Gloucestershire County Council has replaced 24 stiles to coincide with this year’s daffodil season.

The stiles have been replaced by kissing gates, which allow people to pass through while keeping livestock safely contained.

They provide greater accessibility as stiles can be difficult to navigate, especially for people with mobility difficulties, older people and those with young children.

Gloucestershire County Council’s public rights of way team has been working with Kempley Parish Council to replace as many stiles in the area as possible, with the support of landowners and farmers.

Landowners are responsible for footpath stiles and gates on their land and are expected to maintain them in good order.

However replacing the stiles with kissing gates is expensive, so Kempley Parish Council have jointly funded the new kissing gates with the county council. On heavily used footpaths, like the Daffodil Way, the new gates reduce maintenance costs for farmers so everyone benefits.

The latest batch was planned to coincide with the start of the wild daffodil season in Kempley and surrounding parishes, which attracts hundreds of visitors to the area each spring who walk the Daffodil Way.

KPC has also worked with local farmers and landowners to secure their support for the footpath improvements while helping them manage walkers on their land.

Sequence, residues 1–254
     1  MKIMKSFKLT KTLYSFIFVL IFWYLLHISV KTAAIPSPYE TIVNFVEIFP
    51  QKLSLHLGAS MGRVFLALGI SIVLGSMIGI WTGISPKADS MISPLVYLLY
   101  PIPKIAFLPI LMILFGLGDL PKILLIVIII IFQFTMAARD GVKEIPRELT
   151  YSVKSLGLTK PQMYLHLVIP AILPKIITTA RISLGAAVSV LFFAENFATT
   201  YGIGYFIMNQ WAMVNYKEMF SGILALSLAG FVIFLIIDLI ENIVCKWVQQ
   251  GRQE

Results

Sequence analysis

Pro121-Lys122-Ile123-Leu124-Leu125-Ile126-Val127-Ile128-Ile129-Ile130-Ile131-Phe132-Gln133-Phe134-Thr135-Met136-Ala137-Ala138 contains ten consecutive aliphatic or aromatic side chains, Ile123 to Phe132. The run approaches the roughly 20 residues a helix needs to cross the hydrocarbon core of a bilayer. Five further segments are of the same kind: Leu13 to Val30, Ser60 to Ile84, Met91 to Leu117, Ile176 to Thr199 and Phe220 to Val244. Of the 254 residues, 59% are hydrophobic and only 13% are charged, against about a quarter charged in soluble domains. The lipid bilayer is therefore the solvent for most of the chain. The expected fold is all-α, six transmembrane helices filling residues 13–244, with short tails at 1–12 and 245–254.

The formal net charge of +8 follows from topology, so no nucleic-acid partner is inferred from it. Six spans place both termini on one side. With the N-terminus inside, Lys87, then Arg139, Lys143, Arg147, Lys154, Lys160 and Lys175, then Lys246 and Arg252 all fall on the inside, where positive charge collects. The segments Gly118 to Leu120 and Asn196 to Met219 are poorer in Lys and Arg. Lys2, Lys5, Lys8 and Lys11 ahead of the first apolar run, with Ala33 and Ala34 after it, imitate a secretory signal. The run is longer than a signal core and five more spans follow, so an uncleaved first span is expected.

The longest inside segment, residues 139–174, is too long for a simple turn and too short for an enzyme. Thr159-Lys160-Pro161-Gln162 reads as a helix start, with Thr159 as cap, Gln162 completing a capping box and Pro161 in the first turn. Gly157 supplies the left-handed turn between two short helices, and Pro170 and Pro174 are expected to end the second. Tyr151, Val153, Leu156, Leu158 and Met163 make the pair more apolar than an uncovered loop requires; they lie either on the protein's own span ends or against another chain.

Martin Brocklehurst, chair of KPC, said: “We have had amazing support from our local family farmers for this scheme and from our local community.

“Every spring we welcome visitors to our village to see the wild daffodils and we organise walks with the support of our farmers.

“We want visitors to be able to enjoy our beautiful countryside, but to do so responsibly and remember they will be crossing working farms. That means following the paths, keeping dogs on leads and cleaning up after their pets so we can maintain the current positive working relationship with farmers in our community.”

Cllr Gill Moseley (LD, Newent) said she was delighted to have been able to support this project with funding.

“I’m very pleased that these kissing gates have been installed as they make the footpaths much more accessible for visitors,” she said.